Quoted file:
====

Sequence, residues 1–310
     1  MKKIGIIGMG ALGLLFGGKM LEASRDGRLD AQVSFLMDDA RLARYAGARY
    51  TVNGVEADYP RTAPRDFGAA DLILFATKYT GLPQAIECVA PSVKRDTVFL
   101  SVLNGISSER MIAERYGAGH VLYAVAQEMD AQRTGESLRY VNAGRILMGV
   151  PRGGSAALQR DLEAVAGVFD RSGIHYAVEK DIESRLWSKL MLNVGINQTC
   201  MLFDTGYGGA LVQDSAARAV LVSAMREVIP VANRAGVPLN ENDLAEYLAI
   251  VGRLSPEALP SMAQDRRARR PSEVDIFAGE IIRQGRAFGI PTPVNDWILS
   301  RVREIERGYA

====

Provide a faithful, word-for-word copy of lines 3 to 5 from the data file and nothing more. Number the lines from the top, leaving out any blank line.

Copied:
    51  TVNGVEADYP RTAPRDFGAA DLILFATKYT GLPQAIECVA PSVKRDTVFL
   101  SVLNGISSER MIAERYGAGH VLYAVAQEMD AQRTGESLRY VNAGRILMGV
   151  PRGGSAALQR DLEAVAGVFD RSGIHYAVEK DIESRLWSKL MLNVGINQTC